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" Why, look you now, how unworthy a thing you make of me ! You would play upon me ; you would seem to know my stops ; you would pluck out the heart of my mystery ; you would sound me from my lowest note to the top of my compass : and there is much music,... "
The Plays of William Shakespeare: With the Corrections and Illustrations of ... - Page 166
by William Shakespeare - 1809
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The works of William Shakspere. Knight's Cabinet ed., with ..., Volume 7

William Shakespeare - 1856
...excellent music. Look you, these are the stops. Gull. But these cannot I command to any utterance of harmony ; I have not the skill. Ham. Why, look you...note to the top of my compass : and there is much music, excellent voice, in this little organ ; yet cannot you make it. Why, do you think that I am...
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Making Theatre: From Text to Performance

Peter Mudford - Social Science - 2000 - 236 pages
...disloyalty, he reminds him of an important difference between the solo player and the member of the company: You would play upon me; you would seem to know my...lowest note to the top of my compass; and there is much music, excellent voice, in this little organ, yet cannot you make it speak. (Act III, scene 2) The...
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Henry V, War Criminal?: And Other Shakespeare Puzzles

John Sutherland, Karl-Heinz Engel, Lord Northcliffe Professor of Modern English Literature John Sutherland, Cedric Thomas Watts, John M. Sutherland, Emeritus Professor of English Cedric Watts, M a PH D - Literary Criticism - 2000 - 220 pages
...depicted as enigmatic, even to himself; and he thereby gains greater unity than the postulated hybrid. 'You would play upon me, you would seem to know my...stops, you would pluck out the heart of my mystery . . . Call me what instrument you will, though you can fret me, you cannot play upon me.' One way for...
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Shakespeare's Noise

Kenneth Gross - Literary Criticism - 2001 - 282 pages
...he cannot "command to any utterance of harmony," whose use is "as easy as lying," Hamlet cries out, "Why, look you now, how unworthy a thing you make...lowest note to the top of my compass; and there is much music, excellent voice, in this little organ, yet cannot you make it speak. 'Sblood, do you think I...
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The Klingon Hamlet

Lawrence Schoen - Fiction - 2001 - 240 pages
...stops. Guildenstern But these cannot I command to any utterance of harmony; I have not the skill. Hamlet Why, look you now, how unworthy a thing you make of...lowest note to the top of my compass: and there is much music, excellent voice, in this little organ; yet cannot you make it speak. 'Sblood, do you think I...
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Hamlet: The Tragedie of Hamlet, Prince of Denmarke : the First Folio of 1623 ...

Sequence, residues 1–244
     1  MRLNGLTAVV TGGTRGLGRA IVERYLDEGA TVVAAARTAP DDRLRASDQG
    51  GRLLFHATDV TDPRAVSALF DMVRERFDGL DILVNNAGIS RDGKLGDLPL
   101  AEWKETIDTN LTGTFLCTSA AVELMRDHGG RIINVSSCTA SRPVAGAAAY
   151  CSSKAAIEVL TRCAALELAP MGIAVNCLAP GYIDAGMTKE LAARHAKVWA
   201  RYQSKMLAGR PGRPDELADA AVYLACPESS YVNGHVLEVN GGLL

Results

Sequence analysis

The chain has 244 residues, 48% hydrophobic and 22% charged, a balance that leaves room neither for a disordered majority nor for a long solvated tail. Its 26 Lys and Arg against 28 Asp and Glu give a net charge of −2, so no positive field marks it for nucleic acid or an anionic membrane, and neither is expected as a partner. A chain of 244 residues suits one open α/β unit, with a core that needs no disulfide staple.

William Shakespeare - Drama - 2001 - 261 pages
...long-suspected complicity, he does so as part of a thoroughgoing sequence of musical references in his play: Why, look you now how unworthy a thing you make of...sound me from my lowest note to the top of my compass . . . Why, do you think that I am easier to be played on than a pipe? Call me what instrument you will,...
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Deadly Thought: Hamlet and the Human Soul

Jan H. Blits - Literary Criticism - 2001 - 405 pages
..."[i]t is as easy as lying," Hamlet says (3.2.348); yet he presumes to know how to play upon Hamlet: Why, look you now, how unworthy a thing you make of...sound me from my lowest note to the top of my compass. . . . 'Sblood, do you think I am easier to be played on than a pipe? Call me what instrument you will,...
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Hamlet by William Shakespeare and Rosencratz and Gildenstern are Dead by Tom ...

Lloyd Cameron, Rebecca Barnes - English literature - 2001 - 112 pages
...God hath given you one face, and you make yourselves another. (Act III, Sc. I, lines 144-5) Hamlet: Why, look you now, how unworthy a thing you make of...stops. You would pluck out the heart of my mystery. (Act III, Sc. ii, lines 371 -4) Claudius: 0, my offence is rank. It smells to heaven. It hath the primal...
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Hamlet

William Shakespeare - Drama - 2001 - 148 pages
...stops. GUILDENSTERN But these cannot I command to any utterance of harmony. I have not the skill. HAMLET Why, look you now, how unworthy a thing you make of...seem to know my stops, you would pluck out the heart 360 of my mystery, you would sound me from my lowest 361 note to the top of my compass; and there is...
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Shakespeare Survey, Volume 23

Kenneth Muir - Drama - 2002 - 212 pages
...Guildenstern. But these cannot I commend to any utterance of harmony; I have not the skill. Hamlet. Why, look you now, how unworthy a thing you make of...lowest note to the top of my compass, and there is much music, excellent voice, in this little organ, yet cannot you make it speak. ' Sblood, do you think...
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